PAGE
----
William P Helverson

Lindsey –

Victim Location 16201

Type of a scam Rental

Since I am relocating to eastern Pa, I’ve been searching for an apartment over there through any and all websites, apps, etc. Craigslist is one of these. An ad popped up for a house in the area for a really decent price, all utilities included, fully furnished, pet friendly, the works. I was ecstatic. I quickly emailed the poster back and waited for a response. The reply started out with a story about how the seller and his wife had just moved to Nigeria to work with a program called Empowering Youth to Fight Racism, HIV/AIDS, Poverty and Lack of Education, and would be gone for 2-3+ years. The poster had "made up my mind to put up my house for rent to who ever that will take good care of it." He informed me that he was not currently around to show the inside of the house, but if I wanted to, I could go to the neighborhood and look at it from the outside. He then asked how long I intended to stay and when I planned on moving in. Then, he included a list of all the utilities and amenities that were included with the house, and it seemed like a dream. Everything included for that price? It seemed like a miracle or a scam, and I intended to find out which.

The poster also included a tenant rent application form, which included some grammatical and spelling errors (a small red flag in my mind). Many of the questions were too personal; not something a landlord would ask. He also asked in this application how soon I could have the rent sent to him, and how many months I could pay upfront. At this point, I was still hopeful, but there was a seed of skepticism in the back of my mind. And so, while I waited for a response to my polite but brief email asking if there was a written lease contract and how he would show me the inside if I was interested, I did some research. I googled the seller’s name, email address, and phone number, and found nothing (aside from the fact that his US phone number was in fact from an Ohio location, not a Pennsylvania one). Then, I picked out key details from his sob story, and found that there had been several scams involving the “Empowering Youth to Fight Racism, HIV/AIDS, Poverty and Lack of Education” line. So at this point, I was pretty disappointed. This apartment had seemed like a dream come true. Still, I waited for the seller’s reply, wanting to know how he would continue to bait me.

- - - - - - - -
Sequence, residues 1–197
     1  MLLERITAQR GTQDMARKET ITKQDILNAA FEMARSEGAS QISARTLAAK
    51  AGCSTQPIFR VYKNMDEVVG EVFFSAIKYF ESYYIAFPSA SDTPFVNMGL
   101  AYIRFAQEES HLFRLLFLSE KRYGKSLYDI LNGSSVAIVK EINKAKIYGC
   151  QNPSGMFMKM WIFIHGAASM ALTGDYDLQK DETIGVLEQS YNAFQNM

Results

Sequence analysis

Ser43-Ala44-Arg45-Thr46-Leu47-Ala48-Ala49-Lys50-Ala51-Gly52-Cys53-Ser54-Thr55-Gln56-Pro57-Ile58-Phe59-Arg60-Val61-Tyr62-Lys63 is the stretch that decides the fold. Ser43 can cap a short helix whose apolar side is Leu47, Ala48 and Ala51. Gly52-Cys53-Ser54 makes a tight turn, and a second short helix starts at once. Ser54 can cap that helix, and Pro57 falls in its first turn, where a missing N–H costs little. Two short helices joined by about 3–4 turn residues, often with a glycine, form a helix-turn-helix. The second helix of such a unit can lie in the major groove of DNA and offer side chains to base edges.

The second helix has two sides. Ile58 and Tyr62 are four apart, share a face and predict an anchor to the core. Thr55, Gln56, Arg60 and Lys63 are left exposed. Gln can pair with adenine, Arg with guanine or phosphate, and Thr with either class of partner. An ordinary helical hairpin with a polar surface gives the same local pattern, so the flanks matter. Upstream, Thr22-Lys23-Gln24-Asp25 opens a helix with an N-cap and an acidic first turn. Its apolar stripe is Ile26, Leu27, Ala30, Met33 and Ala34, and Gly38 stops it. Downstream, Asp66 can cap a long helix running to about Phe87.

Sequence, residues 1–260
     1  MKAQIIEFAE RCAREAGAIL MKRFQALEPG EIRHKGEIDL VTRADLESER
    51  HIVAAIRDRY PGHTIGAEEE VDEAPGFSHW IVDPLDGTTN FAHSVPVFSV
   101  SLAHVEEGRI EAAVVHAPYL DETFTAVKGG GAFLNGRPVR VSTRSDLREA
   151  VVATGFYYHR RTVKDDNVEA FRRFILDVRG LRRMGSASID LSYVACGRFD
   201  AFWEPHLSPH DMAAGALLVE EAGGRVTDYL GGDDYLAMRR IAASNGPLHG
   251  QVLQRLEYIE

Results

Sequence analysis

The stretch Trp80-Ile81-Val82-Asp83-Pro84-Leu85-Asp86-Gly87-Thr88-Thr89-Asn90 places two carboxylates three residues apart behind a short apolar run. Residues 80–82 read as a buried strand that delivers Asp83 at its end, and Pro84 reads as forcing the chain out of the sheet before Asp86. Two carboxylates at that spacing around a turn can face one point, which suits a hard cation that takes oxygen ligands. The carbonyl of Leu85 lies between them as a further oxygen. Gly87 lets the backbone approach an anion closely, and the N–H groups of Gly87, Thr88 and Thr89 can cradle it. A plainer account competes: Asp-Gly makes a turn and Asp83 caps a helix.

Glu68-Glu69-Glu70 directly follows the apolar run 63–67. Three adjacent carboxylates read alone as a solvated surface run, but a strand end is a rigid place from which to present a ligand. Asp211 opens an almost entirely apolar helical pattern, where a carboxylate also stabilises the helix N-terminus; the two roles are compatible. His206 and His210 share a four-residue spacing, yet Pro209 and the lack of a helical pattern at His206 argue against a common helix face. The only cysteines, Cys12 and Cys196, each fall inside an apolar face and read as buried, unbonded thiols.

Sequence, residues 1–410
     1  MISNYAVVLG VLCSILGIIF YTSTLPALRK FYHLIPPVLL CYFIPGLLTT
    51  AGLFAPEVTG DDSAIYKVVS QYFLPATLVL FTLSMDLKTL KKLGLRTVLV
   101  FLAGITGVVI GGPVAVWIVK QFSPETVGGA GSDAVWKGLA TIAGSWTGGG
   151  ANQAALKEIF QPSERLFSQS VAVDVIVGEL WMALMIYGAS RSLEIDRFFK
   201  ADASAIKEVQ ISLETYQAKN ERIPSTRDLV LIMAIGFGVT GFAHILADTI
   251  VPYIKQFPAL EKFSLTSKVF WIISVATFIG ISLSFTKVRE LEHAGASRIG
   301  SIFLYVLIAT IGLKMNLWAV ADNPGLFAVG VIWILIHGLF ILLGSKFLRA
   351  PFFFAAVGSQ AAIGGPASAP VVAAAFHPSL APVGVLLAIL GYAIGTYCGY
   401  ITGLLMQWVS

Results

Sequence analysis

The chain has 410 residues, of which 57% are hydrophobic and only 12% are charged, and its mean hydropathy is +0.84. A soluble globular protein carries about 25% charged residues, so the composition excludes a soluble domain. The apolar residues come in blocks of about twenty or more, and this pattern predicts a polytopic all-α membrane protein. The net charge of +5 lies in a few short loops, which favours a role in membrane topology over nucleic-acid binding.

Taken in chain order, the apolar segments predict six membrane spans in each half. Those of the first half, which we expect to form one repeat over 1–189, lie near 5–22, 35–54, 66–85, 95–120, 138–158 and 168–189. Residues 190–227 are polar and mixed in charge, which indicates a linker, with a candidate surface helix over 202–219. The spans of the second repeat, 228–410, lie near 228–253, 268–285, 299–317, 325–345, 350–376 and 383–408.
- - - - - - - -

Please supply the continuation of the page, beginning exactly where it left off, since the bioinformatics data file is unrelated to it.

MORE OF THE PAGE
His reply was simply “type it out and email it back to me,” in which he reattached the rental application form. Since I knew almost without a shadow of a doubt it was a scam at this point, I informed him that I’d first like to know if there was a written lease contract. His response, riddled with spelling and grammatical errors and including zero punctuation (a big red flag for me), stated: “I was ones working with the Mortgage so i have to stop working with them because i could not make up with the contract and i also find out that they were putting the rent high so i deiced so cancel my contract with them, That is why i am doing this on my own” I simply replied that I could not give out personal information without a legally binding contract.

I’m naturally paranoid, so luckily I didn’t give out much personal information, or make any payments, but I know that a lot of people are much more trusting than I am. Therefore, I wanted to share this story in an attempt to help others avoid scams like this one.

P.S. – I googled the house that the seller had listed and found out that it is in fact listed on realty websites (as a house for sale, not for rent). The craigslist poster had simply copied one of the photos and the information from those websites and pasted them onto his ad. If you’re questioning the legitimacy of an ad, google the property address (if it is listed). Chances are, if it’s a scam, the real advertisement is listed somewhere online.

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